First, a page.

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Posts Tagged ‘Historic Protestantism’

Reaffirming Sola Scriptura

by Tom Nettles

Sola Scriptura as Philip Schaff indicated, confessions and creeds hold no absolute authority for Protestants. Their authority is only an ad hoc, ecclesial, and localized standard for the sake of unity in fellowship and consistency of witness either in a denomination or a local assembly of believers. They can be amended or expanded in light of evidence from more mature biblical exegesis or in light of doctrinal and cultural challenges to biblical truth. For this reason, confessions arising from within Protestantism usually contain an article that affirms the sole authority, inspiration and infallible authority of Scripture. For example, the Second London Confession of the Baptists stated in its first sentence, “The Holy Scripture is the only sufficient, certain, and infallible rule of all saving knowledge, Faith, and Obedience.” In paragraph 6 of the same article on Scripture, reflecting the words and concepts of both the Westminster Confession of Faith and the Savoy Declaration with one slight variation [italicized], the confession added: “The whole Councel of God concerning all things necessary for his own Glory, Man’s Salvation, Faith and Life, is either expressly set down or necessarily contained in the Holy Scripture; unto which nothing at any time is to be added, whether by new Revelation of the Spirit, or traditions of men.” Thus, one of the most influential confessions in Protestantism begins with a ten paragraph article affirming the sole and certain authority of Scripture closing with these words: “The supreme judge by which all controversies of Religion are to be determined, and all Decrees of Councils, opinions of ancient Writers, Doctrines of men, and private Spirits, are to be examined, and in whose sentence we are to rest, can be no other but the Holy Spirit speaking in the Scripture” [WCF]. Again, the Second London Confession varied the language slightly, insisting even more clearly on the sole authority of Scripture, closing with the phrase after the words “can be no other,” with these words, “but the Holy Scripture delivered by the Spirit, into which Scripture so delivered, our faith is finally resolved.”

For Roman Catholicism and Eastern Orthodoxy, however, the view of the creedal tradition is quite different. The Orthodox churches consider the first seven ecumenical councils as guided by the Holy Spirit resulting…

 

 

 

Read the entire article here.

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Roman Catholic Apologists: an Hour Long Phone Call in Response to Rome’s Claims

By James White

Took a phone call from 18-year-old Luke who has been talking to some Roman Catholic apologists—spent the entire hour with Luke addressing issues like sola scriptura, apostolic succession, the gospel, grace, justification—we about covered it all! Should be helpful to many!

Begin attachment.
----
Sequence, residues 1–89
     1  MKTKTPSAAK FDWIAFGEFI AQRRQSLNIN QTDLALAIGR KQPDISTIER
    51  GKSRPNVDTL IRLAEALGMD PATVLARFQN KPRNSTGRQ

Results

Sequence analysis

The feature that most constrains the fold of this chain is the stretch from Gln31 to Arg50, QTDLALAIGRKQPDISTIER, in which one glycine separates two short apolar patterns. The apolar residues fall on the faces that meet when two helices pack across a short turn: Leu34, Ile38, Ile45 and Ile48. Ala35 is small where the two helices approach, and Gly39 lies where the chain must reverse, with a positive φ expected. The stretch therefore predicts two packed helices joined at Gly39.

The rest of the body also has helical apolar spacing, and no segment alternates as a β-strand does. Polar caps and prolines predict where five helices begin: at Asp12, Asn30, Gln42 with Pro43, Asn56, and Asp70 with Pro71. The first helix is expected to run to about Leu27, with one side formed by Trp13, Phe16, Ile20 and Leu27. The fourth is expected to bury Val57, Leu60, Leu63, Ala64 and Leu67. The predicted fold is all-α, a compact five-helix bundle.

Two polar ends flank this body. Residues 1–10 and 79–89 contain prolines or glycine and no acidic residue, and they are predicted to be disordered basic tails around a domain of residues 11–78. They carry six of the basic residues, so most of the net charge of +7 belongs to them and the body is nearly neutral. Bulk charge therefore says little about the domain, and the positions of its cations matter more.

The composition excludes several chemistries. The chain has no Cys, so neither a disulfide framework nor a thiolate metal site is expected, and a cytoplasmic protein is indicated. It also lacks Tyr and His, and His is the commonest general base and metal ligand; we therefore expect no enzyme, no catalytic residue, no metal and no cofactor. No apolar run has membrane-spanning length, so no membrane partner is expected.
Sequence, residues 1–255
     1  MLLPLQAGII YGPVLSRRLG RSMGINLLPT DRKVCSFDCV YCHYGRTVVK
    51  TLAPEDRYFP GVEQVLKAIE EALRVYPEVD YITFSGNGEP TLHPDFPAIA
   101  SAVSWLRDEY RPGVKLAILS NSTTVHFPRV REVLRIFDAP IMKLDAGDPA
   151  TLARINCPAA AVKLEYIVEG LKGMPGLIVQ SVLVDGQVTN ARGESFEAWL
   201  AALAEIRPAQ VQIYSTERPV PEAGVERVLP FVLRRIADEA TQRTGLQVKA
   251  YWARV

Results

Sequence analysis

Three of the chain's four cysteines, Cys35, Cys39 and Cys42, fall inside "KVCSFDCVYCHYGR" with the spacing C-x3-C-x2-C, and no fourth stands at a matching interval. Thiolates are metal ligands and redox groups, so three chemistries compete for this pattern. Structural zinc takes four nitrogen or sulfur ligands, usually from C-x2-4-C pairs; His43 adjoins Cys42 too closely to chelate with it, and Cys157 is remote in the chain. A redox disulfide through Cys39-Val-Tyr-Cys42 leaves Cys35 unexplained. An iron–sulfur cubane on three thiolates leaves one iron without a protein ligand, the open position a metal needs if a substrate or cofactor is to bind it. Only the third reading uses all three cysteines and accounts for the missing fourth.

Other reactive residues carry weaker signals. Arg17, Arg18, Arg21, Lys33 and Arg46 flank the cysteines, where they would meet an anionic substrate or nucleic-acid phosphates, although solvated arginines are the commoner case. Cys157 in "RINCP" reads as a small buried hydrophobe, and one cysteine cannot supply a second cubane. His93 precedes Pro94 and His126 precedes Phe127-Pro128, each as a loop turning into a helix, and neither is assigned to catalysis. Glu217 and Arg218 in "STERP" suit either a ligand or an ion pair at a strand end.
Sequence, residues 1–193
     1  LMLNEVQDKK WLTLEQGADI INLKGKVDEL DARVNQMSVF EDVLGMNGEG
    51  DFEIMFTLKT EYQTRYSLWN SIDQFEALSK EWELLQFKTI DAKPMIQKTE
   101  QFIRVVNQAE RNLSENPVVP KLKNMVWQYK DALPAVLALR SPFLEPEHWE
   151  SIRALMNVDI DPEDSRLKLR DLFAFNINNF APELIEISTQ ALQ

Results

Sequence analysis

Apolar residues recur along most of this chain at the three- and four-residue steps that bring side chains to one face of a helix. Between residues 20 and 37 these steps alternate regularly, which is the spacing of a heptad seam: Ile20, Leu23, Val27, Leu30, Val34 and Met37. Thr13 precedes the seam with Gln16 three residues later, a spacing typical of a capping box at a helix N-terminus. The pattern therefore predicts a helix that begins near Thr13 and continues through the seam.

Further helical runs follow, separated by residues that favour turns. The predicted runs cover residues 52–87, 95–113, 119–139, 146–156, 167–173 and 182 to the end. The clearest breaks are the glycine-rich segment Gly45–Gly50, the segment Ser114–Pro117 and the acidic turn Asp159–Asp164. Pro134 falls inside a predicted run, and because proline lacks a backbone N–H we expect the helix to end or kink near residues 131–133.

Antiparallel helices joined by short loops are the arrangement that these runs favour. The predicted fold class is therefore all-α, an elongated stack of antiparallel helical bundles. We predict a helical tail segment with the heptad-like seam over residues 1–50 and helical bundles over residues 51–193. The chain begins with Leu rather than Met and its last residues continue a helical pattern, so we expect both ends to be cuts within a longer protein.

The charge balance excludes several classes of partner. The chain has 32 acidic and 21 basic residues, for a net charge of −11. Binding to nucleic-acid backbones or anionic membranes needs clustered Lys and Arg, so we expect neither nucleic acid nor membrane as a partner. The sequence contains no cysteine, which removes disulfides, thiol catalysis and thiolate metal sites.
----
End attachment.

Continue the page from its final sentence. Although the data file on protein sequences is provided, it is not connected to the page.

Download the audio here.

 

 

Source [Alpha Omega Ministries]

Double Or Nothing: Martin Luther’s Doctrine of Predestination

December 22, 2014 1 comment

In fact, while many students of the Reformation today focus their attention to the obvious differences between Protestantism and Romanism, such as the Papacy, mass, indulgences, et cetera, Luther himself recognizes those issues to be entirely peripheral to the conflict. He wrote in 1525 to Erasmus of Rotterdam, with whom he had been debating the Sovereignty of God’s grace (in election and salvation) and the freedom of man’s will:

I give you hearty praise and commendation on this further account—that you alone, in contrast with all others, have attacked the real thing, that is, the essential issue. You have not wearied me with those extraneous issues about the Papacy, purgatory, indulgences and such like—trifles, rather than issues in respect of which almost all to date have sought my blood (though without success); you, and you alone, have seen the hinge on which all turns, and aimed for the vital spot.3

With this admission by the Father of the Protestant Reformation, the present study becomes highly important in understanding the Reformation. The debate over single versus double predestination has certainly been an issue throughout church history, but was it an issue among the Reformers? Specifically, were Luther and Calvin at odds on this issue? 19th Century Scottish theologian William Cunningham asserts,

When Luther’s followers, in a subsequent generation, openly deviated from scriptural orthodoxy on these points, they set themselves to prove that Luther had never held Calvinistic principles. . . But we have no hesitation in saying, that it can be established beyond all reasonable question, that Luther held the doctrines which are commonly regarded as most peculiarly Calvinistic, though he was never led to explain and apply, to illustrate and defend some of them, so fully as Calvin did.4